UTCS Colloquium/AI: Hod Lipson/Cornell University: Mining Experimental Data for Dynamical Invariants - from Cognitive Robotics to Computational Biology TAY 3.128 Friday November 7 2008 11:00 a.m.

Contact Name: 
Jenna Whitney
Nov 7, 2008 11:00am - 12:00pm

There is a signup schedule for this event (UT EID required).

of Talk: UTCS Colloquium/AI

Speaker/Affiliation: Hod Lipson/Corne

ll University

Date/Time: Friday November 7 2008 11:00 a.m.
Host: Risto Miikkulainen

Talk Title:
Mining Experimental data

for Dynamical Invariants - from Cognitive Robotics to Computational Biology

Talk Abstract:
This talk will describe new active learning proce

sses for
automated modeling of dynamical systems across a number
disciplines. One of the long-standing challenges in robotics
is achiev

ing robust and adaptive performance under uncertainty.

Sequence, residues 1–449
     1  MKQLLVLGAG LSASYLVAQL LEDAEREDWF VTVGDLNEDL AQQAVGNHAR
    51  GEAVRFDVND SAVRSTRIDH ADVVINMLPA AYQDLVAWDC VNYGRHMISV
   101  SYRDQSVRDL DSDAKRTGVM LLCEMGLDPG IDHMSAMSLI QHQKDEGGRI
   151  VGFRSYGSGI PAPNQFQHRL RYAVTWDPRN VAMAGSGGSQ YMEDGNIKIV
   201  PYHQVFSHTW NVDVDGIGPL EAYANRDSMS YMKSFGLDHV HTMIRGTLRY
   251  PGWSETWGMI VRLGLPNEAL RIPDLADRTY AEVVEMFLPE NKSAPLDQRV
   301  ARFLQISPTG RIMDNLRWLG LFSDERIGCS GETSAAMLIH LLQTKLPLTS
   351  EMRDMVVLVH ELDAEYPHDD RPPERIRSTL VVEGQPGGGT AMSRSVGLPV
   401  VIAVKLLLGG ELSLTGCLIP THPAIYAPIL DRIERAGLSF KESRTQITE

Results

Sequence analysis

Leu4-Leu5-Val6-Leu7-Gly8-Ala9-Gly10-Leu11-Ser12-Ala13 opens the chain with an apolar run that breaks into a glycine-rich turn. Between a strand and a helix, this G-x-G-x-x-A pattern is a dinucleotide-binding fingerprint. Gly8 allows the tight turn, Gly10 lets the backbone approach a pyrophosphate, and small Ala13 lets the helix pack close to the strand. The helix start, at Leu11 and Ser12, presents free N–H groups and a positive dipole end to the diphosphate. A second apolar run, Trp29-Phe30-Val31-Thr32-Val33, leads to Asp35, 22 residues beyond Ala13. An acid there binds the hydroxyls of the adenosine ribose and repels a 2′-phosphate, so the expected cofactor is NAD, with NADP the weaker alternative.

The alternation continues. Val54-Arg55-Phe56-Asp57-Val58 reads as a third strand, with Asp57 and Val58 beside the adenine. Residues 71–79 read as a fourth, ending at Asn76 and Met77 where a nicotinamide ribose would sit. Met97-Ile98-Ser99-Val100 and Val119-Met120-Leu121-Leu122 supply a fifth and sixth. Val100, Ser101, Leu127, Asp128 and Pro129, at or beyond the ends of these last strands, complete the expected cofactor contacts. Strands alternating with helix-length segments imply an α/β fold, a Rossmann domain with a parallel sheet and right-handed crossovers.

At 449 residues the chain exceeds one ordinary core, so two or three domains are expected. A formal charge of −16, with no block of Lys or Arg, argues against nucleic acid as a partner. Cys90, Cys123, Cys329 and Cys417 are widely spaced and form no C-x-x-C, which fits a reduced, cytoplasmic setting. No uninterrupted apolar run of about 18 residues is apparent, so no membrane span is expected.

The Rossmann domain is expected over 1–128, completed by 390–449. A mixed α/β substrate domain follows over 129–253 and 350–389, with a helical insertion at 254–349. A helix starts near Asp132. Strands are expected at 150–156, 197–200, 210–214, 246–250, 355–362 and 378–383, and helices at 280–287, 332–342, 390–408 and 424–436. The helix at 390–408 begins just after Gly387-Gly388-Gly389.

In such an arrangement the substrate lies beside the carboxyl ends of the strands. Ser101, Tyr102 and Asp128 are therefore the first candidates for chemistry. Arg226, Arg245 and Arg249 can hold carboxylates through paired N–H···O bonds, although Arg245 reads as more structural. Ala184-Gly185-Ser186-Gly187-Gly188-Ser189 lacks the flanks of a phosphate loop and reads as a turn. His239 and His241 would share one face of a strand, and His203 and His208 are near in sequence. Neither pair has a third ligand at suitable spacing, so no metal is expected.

The talk will de

scribe an approach to adaptive behavior based
on self-modeling where a
system continuously evolves multiple
simulators of itself in order to

make useful predictions. The robot
is rewarded for actions that cause d

isagreement among predictions
of different candidate simulators thereb

y elucidating uncertainties.
The concept of self modeling will then be

generalized to other systems
demonstrating how analytical invariants ca

n be derived automatically
for physical systems purely from observation

. Application to modeling
physical and biological systems will be shown


Speaker Bio:
Hod Lipson is an Associate Professor of Mechanical
& Aerospace
Engineering and Computing & Information Science at Cornell

University in Ithaca NY. He directs the Computational Synthesis

roup which focuses on novel ways for automatic design fabrication
adaptation of virtual and physical machines. He has led work in

such as evolutionary robotics multi-material functional rapid

ing machine self-replication and programmable self-assembly.
Lipson re

ceived his Ph.D. from the Technion - Israel Institute of Tech-
nology in
1998 and continued to a postdoc at Brandeis University and
MIT. His r

esearch focuses primarily on biologically-inspired approaches
as they

bring new ideas to engineering and new engineering insights
into biology